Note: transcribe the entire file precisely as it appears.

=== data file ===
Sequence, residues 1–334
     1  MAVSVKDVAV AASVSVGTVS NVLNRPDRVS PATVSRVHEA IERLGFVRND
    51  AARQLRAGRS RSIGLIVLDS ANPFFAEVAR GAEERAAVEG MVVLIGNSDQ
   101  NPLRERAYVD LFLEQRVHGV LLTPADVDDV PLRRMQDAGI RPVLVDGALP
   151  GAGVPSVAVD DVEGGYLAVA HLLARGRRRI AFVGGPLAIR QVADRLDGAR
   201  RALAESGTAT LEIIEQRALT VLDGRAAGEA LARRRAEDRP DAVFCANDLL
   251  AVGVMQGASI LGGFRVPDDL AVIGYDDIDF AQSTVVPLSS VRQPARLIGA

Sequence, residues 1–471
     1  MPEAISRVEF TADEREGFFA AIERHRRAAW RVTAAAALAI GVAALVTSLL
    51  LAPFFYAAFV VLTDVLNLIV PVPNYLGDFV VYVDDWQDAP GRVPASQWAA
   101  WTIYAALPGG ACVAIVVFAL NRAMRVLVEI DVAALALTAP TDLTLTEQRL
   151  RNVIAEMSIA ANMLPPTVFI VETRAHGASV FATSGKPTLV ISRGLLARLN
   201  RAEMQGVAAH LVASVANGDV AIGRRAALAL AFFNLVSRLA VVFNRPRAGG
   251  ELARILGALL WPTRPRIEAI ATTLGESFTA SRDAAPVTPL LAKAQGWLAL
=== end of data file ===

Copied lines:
Sequence, residues 1–334
     1  MAVSVKDVAV AASVSVGTVS NVLNRPDRVS PATVSRVHEA IERLGFVRND
    51  AARQLRAGRS RSIGLIVLDS ANPFFAEVAR GAEERAAVEG MVVLIGNSDQ
   101  NPLRERAYVD LFLEQRVHGV LLTPADVDDV PLRRMQDAGI RPVLVDGALP
   151  GAGVPSVAVD DVEGGYLAVA HLLARGRRRI AFVGGPLAIR QVADRLDGAR
   201  RALAESGTAT LEIIEQRALT VLDGRAAGEA LARRRAEDRP DAVFCANDLL
   251  AVGVMQGASI LGGFRVPDDL AVIGYDDIDF AQSTVVPLSS VRQPARLIGA

Sequence, residues 1–471
     1  MPEAISRVEF TADEREGFFA AIERHRRAAW RVTAAAALAI GVAALVTSLL
    51  LAPFFYAAFV VLTDVLNLIV PVPNYLGDFV VYVDDWQDAP GRVPASQWAA
   101  WTIYAALPGG ACVAIVVFAL NRAMRVLVEI DVAALALTAP TDLTLTEQRL
   151  RNVIAEMSIA ANMLPPTVFI VETRAHGASV FATSGKPTLV ISRGLLARLN
   201  RAEMQGVAAH LVASVANGDV AIGRRAALAL AFFNLVSRLA VVFNRPRAGG
   251  ELARILGALL WPTRPRIEAI ATTLGESFTA SRDAAPVTPL LAKAQGWLAL